This article is the perfect historical preamble to how prevailing attitudes of hatred lead to horrible things. The writer of this article's Anti-Semetic rant is a clear foreshadowing to the horrible policies that would be set in motion by the Germans and Austrians during World War II. These policies would be fueled by the ignorant attitudes that were similar to the writer of this article.
"If Mahler's music would speak Yiddish, it would be perhaps unintelligible to me. But it is repulsive to me because it acts Jewish. This is to say that it speaks musical German, but with an accent, with an inflection, and above all, with the gestures of an eastern, all too eastern Jew. So, even to those whom it does not offend directly, it can not possibly communicate anything. One does not have to be repelled by Mahler's artistic personality in order to realize the complete emptiness and vacuity of an art in which the spasm of an impotent mock-Titanism reduces itself to a frank gratification of common seamstress-like sentimentality."
Pytor Ilyich Tchaikovsky
Bad Review of Tchaikovsky's Music
Tchaikovsky's 6th Symphony was his final completed work. Nine days after its 1893 premiere Tchaikovsky died. This symphony is known for its depressing ending, the controversy of its implied program, and it 's reputation as arguably the greatest musical work by the composer.
This review of Tchaikovsky's 6th symphony was written by W.F. Apthorp from the Boston Evening Transcript on October 31st 1898. In this review, at his best, Apthorp compares the symphony to Zola's Claude's Confession, a story about a man who dooms himself by sticking with a prostitute he has fallen in love with and is trying to save. At his worst, Apthorp implicitly compares the quality of this symphony to Tchaikovsky's rotting corpse.
"The Pathetique Symphony threads all the foul ditches and sewers of human despair; it is unclean as music well can be. One might call the Zola's Confession de Claude set to music! That unspeakable second theme may tell of what Heine called 'Die verschwundene, susse, blode Jugendeselei': the impotent senile remembrance of calf love. But of what a calf love! That of Hogarth's lazy apprentice. Indisputably there is power in it: who but Tchaikovsky could have made the vulgar, obscene phrase powerful? The second movement, with its strabismal rhythm, is harldy less ignoble; the third, sheer billingsgate. In the finale, bleary-eyed paresis meets us face to face; and that solemn closing epitaph of the trombones might begin with: 'Here continues to rot...'"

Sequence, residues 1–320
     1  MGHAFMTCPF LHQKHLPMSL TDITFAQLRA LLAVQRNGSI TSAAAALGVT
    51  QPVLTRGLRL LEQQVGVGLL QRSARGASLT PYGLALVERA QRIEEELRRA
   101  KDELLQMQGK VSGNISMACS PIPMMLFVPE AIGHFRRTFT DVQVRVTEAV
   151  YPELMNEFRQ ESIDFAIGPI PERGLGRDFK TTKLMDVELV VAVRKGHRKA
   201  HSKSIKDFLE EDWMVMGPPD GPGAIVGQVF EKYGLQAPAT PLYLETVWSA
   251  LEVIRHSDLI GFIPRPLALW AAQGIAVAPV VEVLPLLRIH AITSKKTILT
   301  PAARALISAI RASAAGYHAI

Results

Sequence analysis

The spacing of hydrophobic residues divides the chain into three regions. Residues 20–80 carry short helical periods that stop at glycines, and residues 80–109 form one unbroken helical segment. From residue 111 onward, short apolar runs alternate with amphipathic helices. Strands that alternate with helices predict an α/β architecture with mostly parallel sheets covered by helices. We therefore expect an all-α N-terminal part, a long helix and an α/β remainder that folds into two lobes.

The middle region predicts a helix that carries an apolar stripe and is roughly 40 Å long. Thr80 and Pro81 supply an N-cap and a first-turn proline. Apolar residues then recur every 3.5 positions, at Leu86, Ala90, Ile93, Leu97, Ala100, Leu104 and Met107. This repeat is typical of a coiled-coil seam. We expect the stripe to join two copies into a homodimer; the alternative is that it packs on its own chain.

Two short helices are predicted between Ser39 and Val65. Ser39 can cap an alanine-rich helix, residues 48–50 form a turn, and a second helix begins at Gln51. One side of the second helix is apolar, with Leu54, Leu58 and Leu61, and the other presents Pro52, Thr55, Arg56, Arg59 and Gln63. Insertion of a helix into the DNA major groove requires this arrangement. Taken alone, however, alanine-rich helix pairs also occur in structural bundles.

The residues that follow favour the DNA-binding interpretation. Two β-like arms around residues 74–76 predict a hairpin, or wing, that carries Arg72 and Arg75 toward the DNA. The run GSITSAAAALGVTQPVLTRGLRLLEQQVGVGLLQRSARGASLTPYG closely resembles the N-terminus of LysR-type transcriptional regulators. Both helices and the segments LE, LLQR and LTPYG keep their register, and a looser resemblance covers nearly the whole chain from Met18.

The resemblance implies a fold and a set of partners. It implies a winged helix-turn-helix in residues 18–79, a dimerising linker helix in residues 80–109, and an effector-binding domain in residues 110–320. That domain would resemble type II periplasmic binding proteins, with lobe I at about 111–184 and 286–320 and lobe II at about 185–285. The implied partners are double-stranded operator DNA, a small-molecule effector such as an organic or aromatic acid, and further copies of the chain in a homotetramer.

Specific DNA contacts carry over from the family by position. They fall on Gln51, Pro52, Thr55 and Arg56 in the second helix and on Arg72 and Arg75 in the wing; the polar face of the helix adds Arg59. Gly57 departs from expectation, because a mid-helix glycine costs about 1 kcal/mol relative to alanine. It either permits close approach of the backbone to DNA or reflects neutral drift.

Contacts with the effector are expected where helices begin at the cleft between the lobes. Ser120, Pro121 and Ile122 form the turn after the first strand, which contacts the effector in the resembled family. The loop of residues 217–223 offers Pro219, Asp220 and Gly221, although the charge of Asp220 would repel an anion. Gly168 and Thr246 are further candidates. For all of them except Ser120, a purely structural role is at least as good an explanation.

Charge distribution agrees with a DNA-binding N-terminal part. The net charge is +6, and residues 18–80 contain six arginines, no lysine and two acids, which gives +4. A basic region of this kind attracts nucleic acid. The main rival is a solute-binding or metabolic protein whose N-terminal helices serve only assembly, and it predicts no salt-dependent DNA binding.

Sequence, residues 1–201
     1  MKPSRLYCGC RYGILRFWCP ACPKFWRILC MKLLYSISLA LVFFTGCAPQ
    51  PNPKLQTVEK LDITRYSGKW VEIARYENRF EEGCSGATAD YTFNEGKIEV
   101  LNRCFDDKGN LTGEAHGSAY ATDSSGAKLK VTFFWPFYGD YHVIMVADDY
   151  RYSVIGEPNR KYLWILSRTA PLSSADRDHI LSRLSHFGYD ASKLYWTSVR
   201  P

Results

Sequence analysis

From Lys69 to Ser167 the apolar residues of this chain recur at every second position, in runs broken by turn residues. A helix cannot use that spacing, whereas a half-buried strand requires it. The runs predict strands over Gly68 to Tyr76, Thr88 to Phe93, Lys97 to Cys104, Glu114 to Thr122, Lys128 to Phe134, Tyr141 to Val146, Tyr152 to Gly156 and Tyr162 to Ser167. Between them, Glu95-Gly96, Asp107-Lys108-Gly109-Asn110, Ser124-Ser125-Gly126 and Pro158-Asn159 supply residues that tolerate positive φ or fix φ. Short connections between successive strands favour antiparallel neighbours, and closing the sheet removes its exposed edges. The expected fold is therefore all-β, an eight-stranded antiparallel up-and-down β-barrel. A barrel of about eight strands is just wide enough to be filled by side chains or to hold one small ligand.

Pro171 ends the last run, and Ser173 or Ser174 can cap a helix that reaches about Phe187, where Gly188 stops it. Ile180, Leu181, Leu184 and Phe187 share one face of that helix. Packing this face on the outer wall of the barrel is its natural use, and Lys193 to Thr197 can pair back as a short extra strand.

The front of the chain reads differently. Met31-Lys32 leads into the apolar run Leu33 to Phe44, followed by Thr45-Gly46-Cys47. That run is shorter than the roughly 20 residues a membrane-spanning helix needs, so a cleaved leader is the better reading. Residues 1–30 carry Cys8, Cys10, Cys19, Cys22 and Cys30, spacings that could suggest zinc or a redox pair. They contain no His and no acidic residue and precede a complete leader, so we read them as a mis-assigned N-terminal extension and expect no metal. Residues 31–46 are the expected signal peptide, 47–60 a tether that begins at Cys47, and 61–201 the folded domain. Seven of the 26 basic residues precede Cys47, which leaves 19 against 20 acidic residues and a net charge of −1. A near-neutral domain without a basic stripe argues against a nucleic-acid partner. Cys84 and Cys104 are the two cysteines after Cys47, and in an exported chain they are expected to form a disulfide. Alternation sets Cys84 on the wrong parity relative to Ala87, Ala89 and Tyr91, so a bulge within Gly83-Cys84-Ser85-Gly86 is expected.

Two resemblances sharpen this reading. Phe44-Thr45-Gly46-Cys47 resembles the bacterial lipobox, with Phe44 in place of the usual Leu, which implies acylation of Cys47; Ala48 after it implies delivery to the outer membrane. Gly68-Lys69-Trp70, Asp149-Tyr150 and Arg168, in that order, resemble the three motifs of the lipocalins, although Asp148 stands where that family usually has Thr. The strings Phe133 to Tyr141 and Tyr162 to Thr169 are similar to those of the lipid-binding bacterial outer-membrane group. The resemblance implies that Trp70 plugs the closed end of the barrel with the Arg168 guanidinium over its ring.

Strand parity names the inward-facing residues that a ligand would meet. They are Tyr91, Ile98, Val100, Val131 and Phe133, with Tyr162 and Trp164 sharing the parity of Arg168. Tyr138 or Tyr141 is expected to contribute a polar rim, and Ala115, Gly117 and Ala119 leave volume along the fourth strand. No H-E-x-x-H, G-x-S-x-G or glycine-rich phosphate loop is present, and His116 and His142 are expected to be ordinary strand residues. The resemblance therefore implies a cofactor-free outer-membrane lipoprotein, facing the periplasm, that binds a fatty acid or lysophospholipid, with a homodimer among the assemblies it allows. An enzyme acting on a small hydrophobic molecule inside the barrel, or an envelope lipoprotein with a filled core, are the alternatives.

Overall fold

Bad Review of Wagner's Music
The final terrible review comes from the German philosopher Friedrich Nietzsche from Der Fall Wagner written in 1888. Nietzsche was famous for his famous statement 'God is Dead,' as well as his philosophical influence on existentialism. He also wrote about other topics centered around culture, and, specifically in this case classical music.
In the below statement Nietzsche compares Wagner's music to a disease, going into great detail to back up his metaphor. Nietzsche's philosophical wit comes in full force, while slamming one of classical music's most influential composers.
"Is Wagner a human being at all? Is he not rather a disease? He contaminates everything he touches - he has made music sick. I postulate this viewpoint: Wagner's art is diseased. The problems which he brings to the stage - all of them, problems of hysterics - the convulsiveness of his emotions, his overwrought sensibility, his taste that always demands sharper spices, his instability, and, not the least, the choice of his heroes and heroines, considered as psychological types (a clinical exhibit), all this presents a picture of disease that leaves no doubt. Wagner est une nevrose...
Our physicians and physiologists have in Wagner the most interesting, or at least the most complete case. And just because there is nothing more modern than this collective illness, this sluggishness and oversensitivity of the nervous machinery, Wagner is a modern artist par excellence, the Cagliostro of modernity. In his art, he mixes in the most tempting manner all that the world today needs most, the three great stimulants of the exhausted, the brutal, the artificial, and the innocent (idiotic). Wagner is a great corrupter of music. He has discovered in it a means to charm tired nerves - he has thereby made music sick."
Source for All Five Excerpts:
Lexicon of Musical Invective by Nicolas Slonimsky